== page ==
Tuesday, September 17, 2013

Mothers are not lesser Women

I am severely disturbed by the prevailing attitudes with respect to mothers – in short I think that there is far too much enthusiasm for telling women who happen to be mothers, what to do with their bodies, and that the person to whom the body belongs has long ago become an afterthought. In short, I fear that we have let an entire group of women (and a rather large one at that), become a lesser class of people because they have taken it upon themselves to reproduce – to ensure that there is a future generation. We have allowed these women, to be reduced to their breasts, vaginas and uteri – and that is wrong – because it neglects the most important body part a woman has, her brain.

Yes, having a healthy baby matters – it matters a lot, and it particularly matters to mothers. However, having a healthy mother also matters – and that is where extolling the virtues of specific choices – like vaginal delivery and breastfeeding, neglects the person who must undertake those activities. That is where having performance measures that reflect these choices is doing a huge disservice to the health (and particularly the mental health) of mothers.

We have come to a place, where rather than informing the individual woman of the risks and benefits of her choices and allowing her to make the decisions that best meet her needs (and those of her family) and respecting those choices – we have told her what choices to make. By extolling specific choices, we tell certain mothers that they have succeeded, but we have also told certain other mothers that they have failed. What is sad, is that many of the women who we have told are failures – haven’t failed at all, rather they have made the choices that best meet their needs and those of their family best. Yet, there is a lot of stigma and shame that attaches to things like having a caesarean section or formula feeding a child.

There has been a lot of lip service to caring about the needs of mothers – but very little recognition of a mother’s need for bodily autonomy. Is it any wonder that many mothers find themselves depressed?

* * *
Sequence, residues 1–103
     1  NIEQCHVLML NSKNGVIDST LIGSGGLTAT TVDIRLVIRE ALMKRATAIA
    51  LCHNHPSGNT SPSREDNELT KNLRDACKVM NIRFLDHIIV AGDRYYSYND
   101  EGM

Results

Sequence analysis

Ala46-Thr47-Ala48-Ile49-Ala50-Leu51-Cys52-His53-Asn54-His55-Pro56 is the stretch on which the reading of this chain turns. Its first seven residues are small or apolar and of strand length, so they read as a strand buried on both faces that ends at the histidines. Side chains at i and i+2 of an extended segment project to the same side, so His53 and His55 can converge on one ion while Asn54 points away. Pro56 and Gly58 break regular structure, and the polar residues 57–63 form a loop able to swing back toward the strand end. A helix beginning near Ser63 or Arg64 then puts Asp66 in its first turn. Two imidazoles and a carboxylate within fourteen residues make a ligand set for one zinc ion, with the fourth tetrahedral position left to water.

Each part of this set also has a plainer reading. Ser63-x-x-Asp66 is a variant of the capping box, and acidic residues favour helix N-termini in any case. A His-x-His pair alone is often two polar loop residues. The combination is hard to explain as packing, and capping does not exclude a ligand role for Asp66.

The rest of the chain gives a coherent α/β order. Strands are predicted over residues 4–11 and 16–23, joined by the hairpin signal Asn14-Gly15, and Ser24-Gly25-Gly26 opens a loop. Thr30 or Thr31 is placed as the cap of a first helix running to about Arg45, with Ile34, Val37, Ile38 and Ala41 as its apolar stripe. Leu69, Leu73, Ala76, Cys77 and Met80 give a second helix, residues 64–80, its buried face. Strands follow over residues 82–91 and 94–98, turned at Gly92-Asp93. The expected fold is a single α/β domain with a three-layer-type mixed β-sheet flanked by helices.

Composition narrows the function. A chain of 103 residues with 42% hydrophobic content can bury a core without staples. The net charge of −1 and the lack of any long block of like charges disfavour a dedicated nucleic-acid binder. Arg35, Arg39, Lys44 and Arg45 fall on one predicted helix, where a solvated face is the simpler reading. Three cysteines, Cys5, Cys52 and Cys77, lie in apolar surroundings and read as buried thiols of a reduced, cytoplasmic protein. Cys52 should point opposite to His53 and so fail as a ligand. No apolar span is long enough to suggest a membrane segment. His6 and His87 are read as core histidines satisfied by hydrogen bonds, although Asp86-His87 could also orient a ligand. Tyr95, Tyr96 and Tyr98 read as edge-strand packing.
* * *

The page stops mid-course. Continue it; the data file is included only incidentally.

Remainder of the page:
1. That doesn't really end with how children are born or fed. Or start there either for that matter...whether or not a woman even has children is the wrong choice. If she has them, she is selfishly overpopulating the planet. If she works and has them, she's putting a strain on her coworkers and expecting special treatment now that she has a family. If she stays home with them, she's a useless waste of space with no job skills dependent on a man to bring home the bacon.

    Then there are those women who choose not to have children. They are selfish too because they just want to spend all of their money on themselves and have fancy clothes and go on vacation all the time. They want to sleep late on weekends, those lazy things. They are also overly ambitious bitchy ball-breakers who want to be CEOs and oust men from the corporate world, and feminize Wall St.

    Then those poor selfish infertile women. Selfishly wanting to bear their own children, when there are all those homeless orphans! There are so many neglected, special needs children, why can't those who can't have children see that and just adopt?

    See? Evidently, we're all selfish, no matter what we do. Sad, isn't it?

    (disclaimer--I think it is obvious, but in case it isn't, I hold none of the opinions/stereotypes above, merely quoting what I read in the media a lot these days)

  2. It is sad - and sadder still are the women who mud-sling at other women.

    1. Absolutely...I hope you do not think I was mud-slinging at other women. I was commenting on it, since I've heard/read the above from both men and women.

      For the record, I fall into the 3rd category first, wicked selfish for doing IVF! Why DIDN'T I "just adopt?" And then the first one...I work full time, so I'm selfishly expecting my coworkers to pick up my slack. Oh and I suck as a mom too, because I had and epidural, formula fed and then I out-sourced the raising of my children to "strangers." What haven't I mentioned? My non-motherhood achievements which are a major part of my identity. :)

      I have sons, I hope to raise them to respect all people regardless of sex. I think the notions of gender roles are slowly breaking down in the Western world...very slowly, but its happening. Of course we've come a long way since the first and second waves of feminism, for example, but this issue is another aspect of feminism I believe. Mothers aren't doormats, they are women and their brains don't exit their uteri with their babies.

  3. I absolutely did not think that you were - just commenting that much of the criticism faced by women come from other women. I firmly believe in choice.